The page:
After living with chronic pain for twenty plus years, I had become increasingly doubtful of anyone who said they could help resolve it. Add to that the horror stories I had heard coming out of pain management clinics for years.
To me, they were the shady doctors in strip malls, pill pushers, and an absolute last resort.
Some months back I surprised myself when I agreed to go. My rheumy was insistent that they’d have better ways of treating my pain, leaving me with fewer highs and lows of Percocet and Tramadol.
My first visit landed me on extended release Morphine. I was fearful of the weightiness of the drug “Morphine” – that’s only reserved for patients in a really tough spot. Oh… Right.
I was perturbed as the doctor put me on a short leash of a fourteen-day pill supply insuring I’d be back to see him or risk ugly withdrawals. Doesn’t he know I have better things to do besides adding more repeated appointments to my list?
As my visits passed, it became increasingly apparent that I was not a number. This doctor genuinely wanted me in less pain. He would arrive to my appointments with typed up and highlighted notes, having combed through my other visits within the hospital, asking how he could help all of my pain.
If I came in complaining of my back, he’d come up with a plan for that, then ask about my headaches. I never brought up my migraines to him once, but he always asked, having taken the time to read my entire chart and try to understand the whole picture. This idea was so foreign to me that I had to re-adjust my approach as a patient.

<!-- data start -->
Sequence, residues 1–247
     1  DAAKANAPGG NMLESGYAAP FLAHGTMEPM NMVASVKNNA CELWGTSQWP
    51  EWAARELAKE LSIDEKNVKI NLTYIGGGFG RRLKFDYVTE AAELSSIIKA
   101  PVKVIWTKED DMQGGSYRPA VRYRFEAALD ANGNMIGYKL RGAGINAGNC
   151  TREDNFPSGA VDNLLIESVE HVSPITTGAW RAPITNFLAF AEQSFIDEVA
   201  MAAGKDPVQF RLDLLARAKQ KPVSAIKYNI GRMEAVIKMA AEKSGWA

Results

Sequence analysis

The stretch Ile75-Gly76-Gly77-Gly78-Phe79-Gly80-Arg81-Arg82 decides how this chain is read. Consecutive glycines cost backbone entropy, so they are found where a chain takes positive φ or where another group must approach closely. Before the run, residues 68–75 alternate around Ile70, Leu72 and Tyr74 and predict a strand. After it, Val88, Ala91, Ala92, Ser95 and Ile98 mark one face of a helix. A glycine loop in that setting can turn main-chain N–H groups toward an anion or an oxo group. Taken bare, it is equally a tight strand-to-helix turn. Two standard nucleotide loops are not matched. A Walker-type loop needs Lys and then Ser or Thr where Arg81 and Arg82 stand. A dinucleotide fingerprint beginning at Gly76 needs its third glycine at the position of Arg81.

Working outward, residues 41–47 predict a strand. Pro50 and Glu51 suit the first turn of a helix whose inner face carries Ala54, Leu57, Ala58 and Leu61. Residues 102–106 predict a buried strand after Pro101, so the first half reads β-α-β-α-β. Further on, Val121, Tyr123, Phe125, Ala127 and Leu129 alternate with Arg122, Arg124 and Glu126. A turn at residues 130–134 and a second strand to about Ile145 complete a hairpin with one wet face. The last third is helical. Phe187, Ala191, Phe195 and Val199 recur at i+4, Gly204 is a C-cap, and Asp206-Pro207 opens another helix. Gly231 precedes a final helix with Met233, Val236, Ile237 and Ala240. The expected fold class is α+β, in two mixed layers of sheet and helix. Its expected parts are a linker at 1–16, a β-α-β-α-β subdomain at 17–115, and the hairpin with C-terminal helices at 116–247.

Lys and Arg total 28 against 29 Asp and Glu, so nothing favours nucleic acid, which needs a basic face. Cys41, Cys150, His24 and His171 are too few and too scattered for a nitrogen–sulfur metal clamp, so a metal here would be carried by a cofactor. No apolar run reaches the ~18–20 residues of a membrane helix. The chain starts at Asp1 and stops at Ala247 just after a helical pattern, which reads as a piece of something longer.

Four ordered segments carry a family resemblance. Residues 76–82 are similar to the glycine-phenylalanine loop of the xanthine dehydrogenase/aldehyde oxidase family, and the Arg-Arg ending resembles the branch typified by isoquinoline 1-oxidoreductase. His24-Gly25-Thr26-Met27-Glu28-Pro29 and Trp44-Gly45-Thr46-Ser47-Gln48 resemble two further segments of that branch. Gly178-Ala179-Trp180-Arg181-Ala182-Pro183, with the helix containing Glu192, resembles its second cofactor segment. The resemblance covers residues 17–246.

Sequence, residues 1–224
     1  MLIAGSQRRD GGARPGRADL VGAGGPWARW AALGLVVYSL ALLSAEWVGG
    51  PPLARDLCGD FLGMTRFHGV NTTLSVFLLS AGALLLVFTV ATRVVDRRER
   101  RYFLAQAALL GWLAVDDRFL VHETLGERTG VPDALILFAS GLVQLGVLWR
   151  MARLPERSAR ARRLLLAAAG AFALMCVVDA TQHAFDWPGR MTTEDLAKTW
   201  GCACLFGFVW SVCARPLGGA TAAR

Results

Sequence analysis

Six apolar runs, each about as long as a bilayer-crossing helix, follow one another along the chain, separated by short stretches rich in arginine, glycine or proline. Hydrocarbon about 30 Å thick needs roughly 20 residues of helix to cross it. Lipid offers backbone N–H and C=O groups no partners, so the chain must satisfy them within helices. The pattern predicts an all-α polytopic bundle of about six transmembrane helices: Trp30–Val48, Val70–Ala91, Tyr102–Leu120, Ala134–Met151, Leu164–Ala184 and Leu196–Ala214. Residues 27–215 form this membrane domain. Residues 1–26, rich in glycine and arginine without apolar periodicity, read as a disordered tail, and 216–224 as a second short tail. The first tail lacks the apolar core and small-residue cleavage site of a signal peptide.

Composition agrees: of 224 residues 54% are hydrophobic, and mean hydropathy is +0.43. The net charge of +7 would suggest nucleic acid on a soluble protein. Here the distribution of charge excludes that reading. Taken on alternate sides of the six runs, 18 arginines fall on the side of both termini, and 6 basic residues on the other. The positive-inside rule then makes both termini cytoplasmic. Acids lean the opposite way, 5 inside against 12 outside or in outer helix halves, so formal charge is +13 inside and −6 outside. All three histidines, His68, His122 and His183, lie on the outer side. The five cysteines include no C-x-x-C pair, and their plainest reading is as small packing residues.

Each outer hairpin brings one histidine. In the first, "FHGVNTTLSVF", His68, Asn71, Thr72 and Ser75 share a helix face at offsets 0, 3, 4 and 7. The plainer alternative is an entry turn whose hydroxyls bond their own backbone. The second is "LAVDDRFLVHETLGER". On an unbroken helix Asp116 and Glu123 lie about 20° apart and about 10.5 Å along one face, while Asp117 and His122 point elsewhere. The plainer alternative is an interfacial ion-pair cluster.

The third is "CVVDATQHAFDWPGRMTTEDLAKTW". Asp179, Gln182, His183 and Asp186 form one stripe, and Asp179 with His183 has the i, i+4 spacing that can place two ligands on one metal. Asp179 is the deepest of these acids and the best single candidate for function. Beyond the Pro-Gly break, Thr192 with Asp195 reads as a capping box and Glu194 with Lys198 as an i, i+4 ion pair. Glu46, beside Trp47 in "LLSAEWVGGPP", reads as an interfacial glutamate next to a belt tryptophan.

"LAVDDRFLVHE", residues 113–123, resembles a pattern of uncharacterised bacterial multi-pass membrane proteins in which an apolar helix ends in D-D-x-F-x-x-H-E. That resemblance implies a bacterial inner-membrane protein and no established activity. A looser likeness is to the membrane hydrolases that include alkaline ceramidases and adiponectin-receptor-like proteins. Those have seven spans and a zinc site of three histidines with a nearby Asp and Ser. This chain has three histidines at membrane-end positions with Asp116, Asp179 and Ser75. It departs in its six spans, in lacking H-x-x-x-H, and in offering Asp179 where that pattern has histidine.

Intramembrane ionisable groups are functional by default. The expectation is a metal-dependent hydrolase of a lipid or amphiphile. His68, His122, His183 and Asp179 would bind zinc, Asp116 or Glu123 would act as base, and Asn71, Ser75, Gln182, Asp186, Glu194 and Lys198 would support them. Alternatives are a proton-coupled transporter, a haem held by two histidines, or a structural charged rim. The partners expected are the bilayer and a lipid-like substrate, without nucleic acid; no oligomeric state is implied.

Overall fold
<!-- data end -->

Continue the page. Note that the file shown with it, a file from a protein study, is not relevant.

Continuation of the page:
No longer did I have to prioritize the details I had deemed important enough for my precious ten to fifteen minutes with my doctor. Instead we could talk through quality of life, and try to improve it – together.
The repeated appointments were put in place not to make my life more tedious, but to provide him a clearer picture of the ebb and flow of my pain, and give him a chance to fine tune my treatment.
After months of being heard, and my pain properly controlled via injections, pills, braces, and treatment plans, my mental health is stronger than ever.
Even as a chronic patient with a good grasp on the medical system, it’s important not to be clouded by pre-conceived notions. Whether that be towards Western or Easter medicine, diet and exercise, or a new kind of treatment plan.
When it comes to treating pain, we need to remember to trust those around us enough to let them in and help us.
Britt aka The Hurt Blogger